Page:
Not bloody likely, mate!

When making a Freedom of Information request, I always ask for the response to be sent in electronic format if possible. It’s cheaper, more convenient, and usually the form in which the information is being held anyway.

So imagine my disappointment to receive the following response from the Parliamentary Archives of the House of Commons, regarding their records management policy. A stack of paper nearly three and half inches high!

Government in action

Why, you might ask, is such a waste of paper justified? Even if the documents are not available online, surely it would still be cheaper and easier to run them under a scanner rather than churn out reams of photocopies?

Fortunately, the cover letter explains all. It turns out that:

Some of the keywords used to classify Parliamentary records […] are used under licence […] from the State Records Authority of New South Wales. The licencing arrangements do not enable us to publish this information on the Internet.

Clearly this is dangerous stuff, because they continue (my italics):

In order to mitigate the risks associated with disclosing this information and in view of the fact that in some cases the information is now only held in hard copy, we are sending the information to you in hard copy.

They are also careful to warn me against infringing the copyright of New South Wales by reproducing the documents – even though these are papers which any member of the public has a right to request.

So there you have it. Important information about how Parliament is run, created at public expense, and the only people not allowed to see it are the general public, because a small part is now owned by the Australian government!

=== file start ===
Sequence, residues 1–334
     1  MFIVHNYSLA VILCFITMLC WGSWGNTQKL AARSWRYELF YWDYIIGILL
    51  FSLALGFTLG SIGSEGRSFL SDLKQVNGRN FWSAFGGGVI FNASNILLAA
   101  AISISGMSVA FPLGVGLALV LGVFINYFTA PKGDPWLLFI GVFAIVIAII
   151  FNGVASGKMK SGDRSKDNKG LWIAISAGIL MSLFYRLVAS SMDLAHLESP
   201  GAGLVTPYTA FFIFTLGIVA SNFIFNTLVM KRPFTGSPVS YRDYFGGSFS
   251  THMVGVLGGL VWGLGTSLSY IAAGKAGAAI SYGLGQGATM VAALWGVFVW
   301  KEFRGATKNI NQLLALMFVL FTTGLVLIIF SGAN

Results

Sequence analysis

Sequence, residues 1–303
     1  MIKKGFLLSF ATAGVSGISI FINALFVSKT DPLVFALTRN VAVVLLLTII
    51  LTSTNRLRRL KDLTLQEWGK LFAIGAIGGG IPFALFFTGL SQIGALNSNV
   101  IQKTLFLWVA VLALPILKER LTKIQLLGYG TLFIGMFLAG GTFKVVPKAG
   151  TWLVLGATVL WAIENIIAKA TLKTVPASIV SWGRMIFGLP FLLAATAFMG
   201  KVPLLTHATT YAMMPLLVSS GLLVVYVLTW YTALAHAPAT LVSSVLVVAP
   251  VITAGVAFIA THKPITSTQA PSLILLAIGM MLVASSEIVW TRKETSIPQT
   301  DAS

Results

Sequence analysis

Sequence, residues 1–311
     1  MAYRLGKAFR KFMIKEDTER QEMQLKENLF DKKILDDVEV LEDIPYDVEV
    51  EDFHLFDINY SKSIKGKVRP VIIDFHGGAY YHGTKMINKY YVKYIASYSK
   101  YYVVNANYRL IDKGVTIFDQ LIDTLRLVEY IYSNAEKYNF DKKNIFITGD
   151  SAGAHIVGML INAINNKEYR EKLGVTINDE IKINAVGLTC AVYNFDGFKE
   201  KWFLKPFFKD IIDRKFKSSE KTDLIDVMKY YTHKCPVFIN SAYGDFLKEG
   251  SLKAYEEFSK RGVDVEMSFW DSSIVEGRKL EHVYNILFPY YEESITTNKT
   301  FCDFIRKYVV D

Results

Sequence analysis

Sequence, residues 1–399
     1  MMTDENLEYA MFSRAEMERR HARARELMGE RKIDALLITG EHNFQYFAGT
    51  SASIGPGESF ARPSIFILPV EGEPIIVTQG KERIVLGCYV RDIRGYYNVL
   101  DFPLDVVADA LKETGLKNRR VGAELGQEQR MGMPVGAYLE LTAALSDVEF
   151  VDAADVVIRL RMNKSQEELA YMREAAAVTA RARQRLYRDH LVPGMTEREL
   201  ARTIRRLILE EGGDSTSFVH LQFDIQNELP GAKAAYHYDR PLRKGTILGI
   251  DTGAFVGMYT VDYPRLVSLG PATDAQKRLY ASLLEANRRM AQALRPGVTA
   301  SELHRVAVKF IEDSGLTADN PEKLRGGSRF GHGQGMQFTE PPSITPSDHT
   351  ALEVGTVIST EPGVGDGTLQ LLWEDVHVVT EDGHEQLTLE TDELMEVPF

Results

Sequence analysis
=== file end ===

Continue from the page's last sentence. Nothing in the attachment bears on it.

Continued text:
5 Responses to “Not bloody likely, mate!”

  1. The FOI officer in Parliament does seem to be particularly officious about protecting copyright. See here:

    I don’t think that is his job. The FOI act does not have anything in it about risk of future breach of copyright, does it?

  2. Chris Pawley says:

    Oo sounds like the perfect use for !

  3. TotallyUn-Pc says:

    If its been released, then why would there be any breach for anyone else?, surely that would be the Govt or agency releasing the information in the first place that commits the offence?

    Now you have it, doesn’t that make it open source?

  4. nick says:

    Re no 1 and no 3, section 50 of the Copyrights Designs and Patents Act 1988 gives an exemption from copyright protection for acts that are required by law. So a government department can’t be sued for breaching copyright simply because if complied with the FoI act.

    However, this does not take away the original copyright, so public authorities are encouraged to remind requesters that the copyright still exists. If the copyrighted material really did become “open source” on disclosure, then it would be withheld because of the impact on commercial interests.

  5. Owen Blacker says:

    Of course, you could always just OCR it and publish it and see if NSW actually sue you ;o)

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